2015 ended with the passing of the iconic, award-winning designer Richard Sapper, who died on the 31st December at the age of 83.
Born in 1932 in Munich, his design career began in the styling department of Daimler Benz in Stuttgart, before he moved to Milan to work firstly for the architect Gio Ponti, and then in the design division of “La Rinascente”, a department store known at the time for being creatively avant-garde.
Thus began his burgeoning 60-year long career, designing products ranging from cars and ships to computers, electronics, furniture and kitchen appliances. Over that time, his globally established clients included Alessi, Artemide, Kartell, Knoll, Mercedes, Brionvega, Pirelli, IBM, Fiat and many more.
His main interest in his design work centred on technically complex problems; both his peers and critics alike described his work as ‘forward-thinking’ and ‘ground-breaking’ because he characteristically incorporated new techniques and materials into his work.
Alberto Alessi, who worked closely with Sapper for over 40 years and praised his contribution to building the Alessi Identity as an Italian design factory, recalled his capability to infuse character into everyday merchandise, saying “He was unequalled for his surgical precision in translating the presence of his imagination into real industrial products close to perfection”.
The 9090 Alessi Espresso Maker, the Alessi Sapper Kettle, the Tizio Table Desk Lamp for Artemide and the Thinkpad laptop that Sapper designed for IBM in 1992 are just some of his most iconic and timeless products. Others include the stackable K1340 Chair for Kartell, the Genia Modular sheet metal bookshelf for B&B Italia, and a series of radios and televisions for Italian electronics company Brionvega. What stood out about all of his work was his ability to transform an everyday household item or electronic into pieces of sculpture.
That many of his products form the permanent collections of the world’s most prestigious design museums, including the museum of Modern Art in New York and the V&A in London, is testimony to his extraordinary talent and impact on the world of design.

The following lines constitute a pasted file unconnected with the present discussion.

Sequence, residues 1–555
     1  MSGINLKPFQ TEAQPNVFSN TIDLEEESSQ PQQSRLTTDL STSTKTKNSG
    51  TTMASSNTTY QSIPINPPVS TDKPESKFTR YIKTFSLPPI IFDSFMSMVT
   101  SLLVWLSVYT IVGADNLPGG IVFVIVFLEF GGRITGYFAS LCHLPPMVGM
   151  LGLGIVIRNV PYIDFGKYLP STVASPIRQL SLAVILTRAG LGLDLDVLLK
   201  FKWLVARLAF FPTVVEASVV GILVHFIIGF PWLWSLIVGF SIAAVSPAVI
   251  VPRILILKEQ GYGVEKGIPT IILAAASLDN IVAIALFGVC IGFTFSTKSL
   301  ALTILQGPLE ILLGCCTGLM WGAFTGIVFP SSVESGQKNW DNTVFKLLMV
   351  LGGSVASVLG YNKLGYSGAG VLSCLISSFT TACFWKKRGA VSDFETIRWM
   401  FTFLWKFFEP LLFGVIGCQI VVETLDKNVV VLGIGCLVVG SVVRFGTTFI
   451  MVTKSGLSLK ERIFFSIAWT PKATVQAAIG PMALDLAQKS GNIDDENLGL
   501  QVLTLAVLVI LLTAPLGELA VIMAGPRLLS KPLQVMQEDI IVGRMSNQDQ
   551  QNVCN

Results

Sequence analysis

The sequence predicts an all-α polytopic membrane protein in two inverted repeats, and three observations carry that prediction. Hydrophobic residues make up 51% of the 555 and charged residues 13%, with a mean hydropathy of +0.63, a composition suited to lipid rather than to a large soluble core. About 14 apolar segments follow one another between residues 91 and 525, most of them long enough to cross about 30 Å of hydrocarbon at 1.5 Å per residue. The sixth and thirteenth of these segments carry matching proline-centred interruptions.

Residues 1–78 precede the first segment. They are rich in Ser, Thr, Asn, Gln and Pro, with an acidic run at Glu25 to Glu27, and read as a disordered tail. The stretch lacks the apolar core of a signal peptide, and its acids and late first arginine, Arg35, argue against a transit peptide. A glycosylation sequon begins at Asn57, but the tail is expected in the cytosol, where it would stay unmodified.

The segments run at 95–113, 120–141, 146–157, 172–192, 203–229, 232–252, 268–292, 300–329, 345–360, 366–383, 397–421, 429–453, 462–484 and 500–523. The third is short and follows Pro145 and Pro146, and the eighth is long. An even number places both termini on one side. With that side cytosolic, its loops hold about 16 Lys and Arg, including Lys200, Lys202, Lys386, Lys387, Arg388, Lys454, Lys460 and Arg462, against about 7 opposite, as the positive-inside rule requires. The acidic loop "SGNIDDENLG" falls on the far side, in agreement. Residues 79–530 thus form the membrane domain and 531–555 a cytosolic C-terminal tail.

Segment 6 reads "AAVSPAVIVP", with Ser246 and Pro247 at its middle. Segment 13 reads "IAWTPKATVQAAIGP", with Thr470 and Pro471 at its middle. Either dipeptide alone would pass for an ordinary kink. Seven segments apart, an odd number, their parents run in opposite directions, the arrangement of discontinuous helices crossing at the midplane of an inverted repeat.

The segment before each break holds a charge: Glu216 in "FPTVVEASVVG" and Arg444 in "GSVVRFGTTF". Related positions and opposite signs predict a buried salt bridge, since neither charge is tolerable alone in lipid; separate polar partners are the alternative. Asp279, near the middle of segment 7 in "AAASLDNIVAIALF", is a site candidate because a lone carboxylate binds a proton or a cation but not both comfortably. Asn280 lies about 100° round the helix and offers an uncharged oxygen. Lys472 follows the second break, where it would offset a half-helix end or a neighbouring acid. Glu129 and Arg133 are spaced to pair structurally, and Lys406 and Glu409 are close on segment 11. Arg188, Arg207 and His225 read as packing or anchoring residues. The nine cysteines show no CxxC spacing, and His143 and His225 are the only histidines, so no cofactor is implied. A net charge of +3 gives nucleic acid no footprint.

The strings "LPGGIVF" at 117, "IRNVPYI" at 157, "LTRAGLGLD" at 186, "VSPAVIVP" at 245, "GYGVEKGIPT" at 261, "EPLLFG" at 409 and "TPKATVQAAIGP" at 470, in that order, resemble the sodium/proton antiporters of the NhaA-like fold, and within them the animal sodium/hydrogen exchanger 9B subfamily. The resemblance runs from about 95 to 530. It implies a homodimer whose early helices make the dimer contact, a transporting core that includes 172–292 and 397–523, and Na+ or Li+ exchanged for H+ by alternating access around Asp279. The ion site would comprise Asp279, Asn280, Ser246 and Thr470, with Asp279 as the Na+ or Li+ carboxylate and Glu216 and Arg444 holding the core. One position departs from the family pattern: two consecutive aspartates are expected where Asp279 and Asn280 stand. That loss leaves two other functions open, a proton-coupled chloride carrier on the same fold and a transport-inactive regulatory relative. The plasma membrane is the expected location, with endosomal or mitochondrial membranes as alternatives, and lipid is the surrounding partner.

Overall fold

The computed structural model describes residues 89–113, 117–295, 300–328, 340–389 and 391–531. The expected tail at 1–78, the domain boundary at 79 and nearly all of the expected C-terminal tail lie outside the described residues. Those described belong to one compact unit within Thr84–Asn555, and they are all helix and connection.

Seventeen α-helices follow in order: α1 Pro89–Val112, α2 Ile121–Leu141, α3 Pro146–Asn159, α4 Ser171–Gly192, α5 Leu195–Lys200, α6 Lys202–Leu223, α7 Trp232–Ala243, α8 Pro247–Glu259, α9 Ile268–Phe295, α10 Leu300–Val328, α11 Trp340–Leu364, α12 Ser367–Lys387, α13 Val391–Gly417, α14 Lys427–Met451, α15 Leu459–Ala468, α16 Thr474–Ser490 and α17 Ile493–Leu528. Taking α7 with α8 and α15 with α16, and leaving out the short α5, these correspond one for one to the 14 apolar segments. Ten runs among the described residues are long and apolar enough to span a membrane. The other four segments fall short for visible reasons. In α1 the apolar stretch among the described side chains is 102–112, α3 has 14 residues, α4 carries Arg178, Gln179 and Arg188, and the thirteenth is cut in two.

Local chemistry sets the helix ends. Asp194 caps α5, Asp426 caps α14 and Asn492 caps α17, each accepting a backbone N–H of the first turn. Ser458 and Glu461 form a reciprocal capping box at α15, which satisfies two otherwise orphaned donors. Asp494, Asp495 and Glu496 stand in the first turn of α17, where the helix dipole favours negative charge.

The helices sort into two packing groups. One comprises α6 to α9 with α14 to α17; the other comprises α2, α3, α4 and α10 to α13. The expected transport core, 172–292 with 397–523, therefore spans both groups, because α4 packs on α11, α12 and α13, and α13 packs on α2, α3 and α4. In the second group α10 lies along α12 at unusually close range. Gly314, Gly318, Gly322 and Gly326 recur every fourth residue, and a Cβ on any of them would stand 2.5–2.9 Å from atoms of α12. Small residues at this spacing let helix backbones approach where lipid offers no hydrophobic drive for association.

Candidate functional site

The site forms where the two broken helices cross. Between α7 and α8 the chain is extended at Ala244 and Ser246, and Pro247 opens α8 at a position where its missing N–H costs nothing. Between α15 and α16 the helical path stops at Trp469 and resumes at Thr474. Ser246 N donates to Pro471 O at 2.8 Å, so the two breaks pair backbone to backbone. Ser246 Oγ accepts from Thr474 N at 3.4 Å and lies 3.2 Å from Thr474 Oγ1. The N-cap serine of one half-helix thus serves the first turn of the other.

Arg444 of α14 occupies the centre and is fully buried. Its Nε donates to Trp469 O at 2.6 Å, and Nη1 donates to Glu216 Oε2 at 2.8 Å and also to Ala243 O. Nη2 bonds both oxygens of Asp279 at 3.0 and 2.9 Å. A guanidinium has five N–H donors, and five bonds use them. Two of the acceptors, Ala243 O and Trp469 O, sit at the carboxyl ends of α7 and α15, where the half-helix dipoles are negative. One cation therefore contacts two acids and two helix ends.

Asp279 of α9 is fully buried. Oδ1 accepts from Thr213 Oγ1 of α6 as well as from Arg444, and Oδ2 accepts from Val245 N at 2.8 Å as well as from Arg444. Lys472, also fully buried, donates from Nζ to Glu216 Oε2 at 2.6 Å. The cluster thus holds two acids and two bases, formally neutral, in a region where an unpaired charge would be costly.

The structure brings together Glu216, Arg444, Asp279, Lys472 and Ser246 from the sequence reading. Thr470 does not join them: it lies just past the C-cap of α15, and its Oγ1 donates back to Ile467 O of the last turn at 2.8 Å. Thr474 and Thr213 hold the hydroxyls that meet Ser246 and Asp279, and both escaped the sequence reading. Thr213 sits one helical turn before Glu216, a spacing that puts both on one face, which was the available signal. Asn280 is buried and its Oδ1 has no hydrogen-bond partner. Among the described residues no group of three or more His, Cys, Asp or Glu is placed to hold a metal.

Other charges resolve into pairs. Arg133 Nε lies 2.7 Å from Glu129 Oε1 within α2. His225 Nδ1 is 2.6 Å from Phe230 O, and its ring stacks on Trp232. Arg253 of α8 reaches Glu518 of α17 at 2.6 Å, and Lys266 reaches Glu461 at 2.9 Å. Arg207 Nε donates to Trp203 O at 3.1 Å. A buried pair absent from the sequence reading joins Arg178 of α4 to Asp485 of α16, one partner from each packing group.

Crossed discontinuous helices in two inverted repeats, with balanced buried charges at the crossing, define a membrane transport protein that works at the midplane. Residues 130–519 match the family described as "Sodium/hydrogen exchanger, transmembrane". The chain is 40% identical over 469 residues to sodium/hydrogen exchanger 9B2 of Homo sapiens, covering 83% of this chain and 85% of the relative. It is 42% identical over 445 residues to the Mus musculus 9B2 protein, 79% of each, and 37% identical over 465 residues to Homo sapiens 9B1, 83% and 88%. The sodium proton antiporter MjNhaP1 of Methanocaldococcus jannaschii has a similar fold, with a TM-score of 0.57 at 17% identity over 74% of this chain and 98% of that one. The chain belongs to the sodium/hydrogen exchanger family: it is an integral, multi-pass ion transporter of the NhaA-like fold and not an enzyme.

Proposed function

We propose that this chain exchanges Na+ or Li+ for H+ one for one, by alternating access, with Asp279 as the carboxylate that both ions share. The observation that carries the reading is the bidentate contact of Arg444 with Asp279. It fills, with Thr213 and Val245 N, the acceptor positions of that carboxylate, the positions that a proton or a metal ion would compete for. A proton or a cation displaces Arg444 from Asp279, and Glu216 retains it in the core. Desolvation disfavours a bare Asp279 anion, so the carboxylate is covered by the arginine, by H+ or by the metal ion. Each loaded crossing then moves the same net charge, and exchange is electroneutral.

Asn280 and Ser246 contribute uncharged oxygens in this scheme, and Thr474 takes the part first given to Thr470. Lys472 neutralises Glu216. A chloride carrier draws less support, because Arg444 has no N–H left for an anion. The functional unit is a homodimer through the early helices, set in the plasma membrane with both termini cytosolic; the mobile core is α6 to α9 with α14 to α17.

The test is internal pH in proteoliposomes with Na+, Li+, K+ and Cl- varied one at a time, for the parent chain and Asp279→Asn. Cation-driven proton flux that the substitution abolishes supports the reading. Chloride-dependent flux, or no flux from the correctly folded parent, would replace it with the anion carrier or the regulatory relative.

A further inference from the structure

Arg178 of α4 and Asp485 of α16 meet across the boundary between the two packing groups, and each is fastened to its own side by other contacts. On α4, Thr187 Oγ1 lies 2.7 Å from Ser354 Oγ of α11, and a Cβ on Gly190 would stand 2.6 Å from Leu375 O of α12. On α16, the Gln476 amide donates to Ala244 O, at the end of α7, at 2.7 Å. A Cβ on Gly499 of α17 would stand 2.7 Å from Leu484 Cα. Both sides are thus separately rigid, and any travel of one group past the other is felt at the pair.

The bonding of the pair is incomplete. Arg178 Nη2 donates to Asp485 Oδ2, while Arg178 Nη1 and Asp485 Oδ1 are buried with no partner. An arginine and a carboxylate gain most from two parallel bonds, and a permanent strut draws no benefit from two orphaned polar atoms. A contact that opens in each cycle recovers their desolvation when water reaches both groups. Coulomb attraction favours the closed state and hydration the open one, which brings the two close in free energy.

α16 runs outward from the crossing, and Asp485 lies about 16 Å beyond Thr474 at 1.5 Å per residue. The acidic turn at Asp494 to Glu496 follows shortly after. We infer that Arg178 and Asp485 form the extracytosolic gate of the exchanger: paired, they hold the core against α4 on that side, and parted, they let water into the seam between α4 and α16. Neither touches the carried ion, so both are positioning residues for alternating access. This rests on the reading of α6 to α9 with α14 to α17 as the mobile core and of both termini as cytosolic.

Academia Deyan Sudjic, director of London's Design Museum, said of Sapper “he was a gifted designer whose work could be seen as both rational, and emotional, reflecting the Germany of his birth, and the Italy that he moved to at the height of its miraculous post-war rebirth as a global centre for design”.
Throughout his career, Sapper also remained keenly involved in academia, teaching at Yale University, the Hochschule für Angewandte Kunst in Vienna, the Kunstakademie in Stuttgart, the Domus Academy in Milan, the Central Academy for Art and Design in Beijing, the University of Buenos Aires, and the Royal College of Art in London, on top of lecturing at universities all over the world.
Following his death, designers all over the world have taken to Instagram and other social media outlets to pay tribute to his extraordinary talent.
Homage to Richard Sapper - TV Algol 11 first edition for #BRIONVEGA - 1964 R.I.P. Richard Sapper. Dreamer and designer of some of the most iconic pieces of the modern history of industrial design..... "German industrial designer Richard Sapper, who created iconic products for brands including Alessi, Knoll and IBM, has died aged 83. Sapper designed products including the Tizio desk lamp for Artemide, the ThinkPad range of laptops for computer company IBM and the 9091 whistling kettle for Alessi. Other clients included Kartell, Knoll, Lenovo and Magis. Many of Sapper's products are part of the permanent collections of the world's most prominent design museums, including the Museum of Modern Art (MoMA) in New York and the V&A museum in London." #design #innovation #richardsapper http://www.dezeen.com/2016/01/04/richard-sapper-industrial-designer-dies-aged-83-obituary/
A photo posted by Mauro Porcini (@mauroporcini) on
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